For these reasons the judgment of the superior court is reversed. This case is remanded with directions to enter a declaratory judgment in favor of the State, declaring that State Farm has a duty to defend the State in the Sanders litigation.


[fn1] Extrinsic facts known by the insurer which would defeat the duty to defend are not considered by the court in determining the duty to defend. Sauer v. Home Indem. Co., 841 P.2d 176, 182
(Alaska 1992). However, extrinsic facts known by or reasonably ascertainable to the insurer which would bring an otherwise uncovered complaint within the policy’s coverage are considered by the court. Afcan v. Mutual Fire, Marine Inland Ins. Co.,595 P.2d 638, 646 (Alaska 1979). There are no such facts alleged in this case.

[fn2] Claims resulting in personal injury have an additional limitation. They must arise out of the conduct of the State’s business. See supra p. 790. However, Sanders’s claims are for bodily injury (injuries to the body) rather than personal injury (injuries to personal rights) as those terms are used in the policy.

[fn3] See State, Dep’t of Transp. Pub. Facilities v. HoustonCasualty Co., 797 P.2d 1200, 1206 n. 5 (Alaska 1990) (Matthews, J., concurring) (construing State lessee’s policy to insure the State with no geographical limitation would result in “unreasonably broad” coverage).

[fn4] See Houston Casualty, 797 P.2d at 1206 (Matthews, J. concurring) (“[T]he core purpose of this provision was to provide coverage to the State for claims related to [the lessee’s] use of the leased premises.”); State v. Underwriters at Lloyds,London, 755 P.2d 396, 399-400 (Alaska 1988) (claim arising out of operations “necessary or incidental” to lessee’s use of leased premises held covered).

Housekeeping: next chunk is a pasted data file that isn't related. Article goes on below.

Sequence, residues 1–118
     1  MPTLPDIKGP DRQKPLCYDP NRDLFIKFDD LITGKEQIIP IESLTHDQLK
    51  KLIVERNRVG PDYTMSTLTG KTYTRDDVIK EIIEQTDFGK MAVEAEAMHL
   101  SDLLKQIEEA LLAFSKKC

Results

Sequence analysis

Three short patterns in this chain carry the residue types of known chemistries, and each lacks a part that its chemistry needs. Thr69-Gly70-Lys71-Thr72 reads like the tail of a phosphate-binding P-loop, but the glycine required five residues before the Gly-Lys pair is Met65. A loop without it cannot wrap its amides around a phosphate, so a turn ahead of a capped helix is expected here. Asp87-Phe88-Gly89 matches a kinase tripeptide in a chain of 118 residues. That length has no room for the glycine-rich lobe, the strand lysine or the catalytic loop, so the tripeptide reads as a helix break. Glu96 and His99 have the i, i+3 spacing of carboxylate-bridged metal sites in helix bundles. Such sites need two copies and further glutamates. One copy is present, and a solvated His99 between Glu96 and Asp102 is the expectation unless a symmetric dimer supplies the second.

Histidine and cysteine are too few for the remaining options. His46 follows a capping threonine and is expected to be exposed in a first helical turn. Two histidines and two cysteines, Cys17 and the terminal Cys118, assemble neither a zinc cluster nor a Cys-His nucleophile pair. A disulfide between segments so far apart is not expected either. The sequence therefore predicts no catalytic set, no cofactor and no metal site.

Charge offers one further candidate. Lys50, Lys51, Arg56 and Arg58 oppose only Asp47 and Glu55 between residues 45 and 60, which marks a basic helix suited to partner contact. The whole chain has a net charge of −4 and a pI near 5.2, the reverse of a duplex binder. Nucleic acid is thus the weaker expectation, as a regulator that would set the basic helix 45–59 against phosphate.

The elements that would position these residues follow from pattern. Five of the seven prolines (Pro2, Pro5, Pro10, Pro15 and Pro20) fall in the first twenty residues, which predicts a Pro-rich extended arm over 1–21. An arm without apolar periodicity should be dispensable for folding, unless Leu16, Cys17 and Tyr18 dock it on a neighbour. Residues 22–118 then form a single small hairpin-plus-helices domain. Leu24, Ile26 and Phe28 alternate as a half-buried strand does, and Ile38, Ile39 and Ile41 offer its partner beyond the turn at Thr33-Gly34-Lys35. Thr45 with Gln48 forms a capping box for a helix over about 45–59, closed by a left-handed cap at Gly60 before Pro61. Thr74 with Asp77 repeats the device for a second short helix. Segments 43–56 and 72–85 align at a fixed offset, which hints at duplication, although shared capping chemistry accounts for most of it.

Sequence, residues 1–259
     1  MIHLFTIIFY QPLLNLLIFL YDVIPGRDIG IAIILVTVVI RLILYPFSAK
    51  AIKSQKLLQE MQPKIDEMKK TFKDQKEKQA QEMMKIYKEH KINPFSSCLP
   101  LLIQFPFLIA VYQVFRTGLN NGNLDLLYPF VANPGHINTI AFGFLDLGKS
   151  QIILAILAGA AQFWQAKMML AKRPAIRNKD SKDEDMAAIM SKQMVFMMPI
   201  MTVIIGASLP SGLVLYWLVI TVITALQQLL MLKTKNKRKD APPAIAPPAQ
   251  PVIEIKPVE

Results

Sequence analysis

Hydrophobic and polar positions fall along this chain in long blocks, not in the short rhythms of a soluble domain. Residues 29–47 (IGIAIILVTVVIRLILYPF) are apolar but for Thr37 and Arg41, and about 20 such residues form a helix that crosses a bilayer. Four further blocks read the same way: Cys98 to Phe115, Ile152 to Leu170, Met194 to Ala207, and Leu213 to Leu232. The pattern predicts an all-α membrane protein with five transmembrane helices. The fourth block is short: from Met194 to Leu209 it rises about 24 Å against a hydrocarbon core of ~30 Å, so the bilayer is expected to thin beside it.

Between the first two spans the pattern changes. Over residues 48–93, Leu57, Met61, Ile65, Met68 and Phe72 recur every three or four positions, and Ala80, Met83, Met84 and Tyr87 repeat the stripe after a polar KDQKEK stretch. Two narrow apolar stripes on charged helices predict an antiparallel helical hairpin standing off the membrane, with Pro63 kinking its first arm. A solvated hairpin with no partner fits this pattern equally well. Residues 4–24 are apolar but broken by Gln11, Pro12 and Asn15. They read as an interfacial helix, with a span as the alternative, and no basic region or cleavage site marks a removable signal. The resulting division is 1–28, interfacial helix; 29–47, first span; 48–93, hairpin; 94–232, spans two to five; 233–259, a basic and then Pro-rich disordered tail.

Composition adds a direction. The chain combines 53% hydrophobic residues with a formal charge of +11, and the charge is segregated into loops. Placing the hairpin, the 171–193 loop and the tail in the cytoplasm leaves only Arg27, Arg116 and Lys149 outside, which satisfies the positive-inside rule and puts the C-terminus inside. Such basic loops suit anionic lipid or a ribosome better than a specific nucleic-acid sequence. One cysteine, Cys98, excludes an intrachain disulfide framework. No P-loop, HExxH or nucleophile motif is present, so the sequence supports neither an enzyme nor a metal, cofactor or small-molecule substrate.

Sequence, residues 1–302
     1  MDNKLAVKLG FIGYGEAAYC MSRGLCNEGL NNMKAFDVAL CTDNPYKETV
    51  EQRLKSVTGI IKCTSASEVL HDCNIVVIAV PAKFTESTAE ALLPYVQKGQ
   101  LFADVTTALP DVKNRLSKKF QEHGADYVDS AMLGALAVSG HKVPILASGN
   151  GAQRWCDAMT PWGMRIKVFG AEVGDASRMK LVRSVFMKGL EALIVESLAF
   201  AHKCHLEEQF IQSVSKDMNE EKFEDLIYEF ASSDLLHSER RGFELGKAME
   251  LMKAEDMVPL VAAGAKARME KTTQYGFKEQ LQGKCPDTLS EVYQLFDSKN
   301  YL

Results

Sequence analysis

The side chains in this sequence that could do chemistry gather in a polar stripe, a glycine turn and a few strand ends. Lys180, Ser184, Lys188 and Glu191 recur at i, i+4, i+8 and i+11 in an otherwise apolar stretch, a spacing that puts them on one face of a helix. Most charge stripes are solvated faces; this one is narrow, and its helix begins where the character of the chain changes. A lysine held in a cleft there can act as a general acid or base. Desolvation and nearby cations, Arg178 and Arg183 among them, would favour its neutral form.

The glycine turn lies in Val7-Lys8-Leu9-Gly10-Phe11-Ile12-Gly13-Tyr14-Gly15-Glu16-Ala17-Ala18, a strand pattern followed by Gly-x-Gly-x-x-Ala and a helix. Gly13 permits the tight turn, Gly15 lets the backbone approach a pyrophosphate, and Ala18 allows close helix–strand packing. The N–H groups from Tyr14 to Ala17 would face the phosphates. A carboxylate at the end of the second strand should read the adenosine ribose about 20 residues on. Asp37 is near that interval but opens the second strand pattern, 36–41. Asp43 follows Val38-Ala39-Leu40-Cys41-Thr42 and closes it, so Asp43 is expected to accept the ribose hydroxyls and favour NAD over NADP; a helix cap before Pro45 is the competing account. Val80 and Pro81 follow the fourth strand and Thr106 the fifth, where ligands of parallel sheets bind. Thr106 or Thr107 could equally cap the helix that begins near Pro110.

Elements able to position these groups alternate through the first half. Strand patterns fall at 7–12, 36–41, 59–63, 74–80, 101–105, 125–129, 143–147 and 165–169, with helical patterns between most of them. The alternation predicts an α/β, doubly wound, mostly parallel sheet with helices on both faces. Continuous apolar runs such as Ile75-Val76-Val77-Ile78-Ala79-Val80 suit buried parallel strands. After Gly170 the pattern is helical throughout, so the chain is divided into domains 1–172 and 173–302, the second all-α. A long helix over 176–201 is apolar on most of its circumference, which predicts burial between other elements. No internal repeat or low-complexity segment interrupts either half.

[fn5] Stricter limits could be imposed. However, in view of the rule that insurance contracts should be read most favorably to the insured, e.g., Bering Strait Sch. Dist. v. RLI Ins. Co.,873 P.2d 1292, 1295 (Alaska 1994), we believe that the policy should be limited only to the extent necessary to avoid an unconscionable result.

[fn6] See Underwriters at Lloyds, 755 P.2d at 400 (airplane taxiing is an operation “necessary or incidental” to airline’s use of leased gates, ticket counter and baggage area); Hale v.Fireman’s Fund Ins. Co., 731 P.2d 577, 579-80 (Alaska 1987) (unloading produce away from leased premises is an operation “necessary or incidental” to use of a produce stand).

[fn7] Even as to the defective design claim, it is questionable whether the professional services exclusion applies. The cases to which we have been cited concerning this exclusion refer to services which are performed for others and for which actions in the nature of malpractice may be brought. Hollingsworth v.Commercial Union Ins. Co., 208 Cal.App.3d 800, 256 Cal.Rptr. 357 (1989) (applying exception to ear piercing done by retail cosmetic store); Merchants Mut. Ins. Co. v. City of Concord,117 N.H. 482, 374 A.2d 945 (1977) (applying exception where city failed to provide medical or psychiatric care to detainee);Multnomah County v. Oregon Auto. Ins. Co., 256 Or. 24,470 P.2d 147 (1970) (applying exception where medical attendant failed to give insulin to diabetic inmate). No case has been cited which holds that the professional services exclusion applies to services which an insured performs for itself which result in a dangerous physical condition.

[fn8] State Farm argues that construing the insurance policy to cover off-premise accidents on public roads would violate the public duty exception. This argument fails. The indemnification agreement does not give the State a general disincentive regarding the maintenance of public streets. See Burgess Constr.Co. v. State, 614 P.2d 1380, 1381-82 (Alaska 1980).Page 1320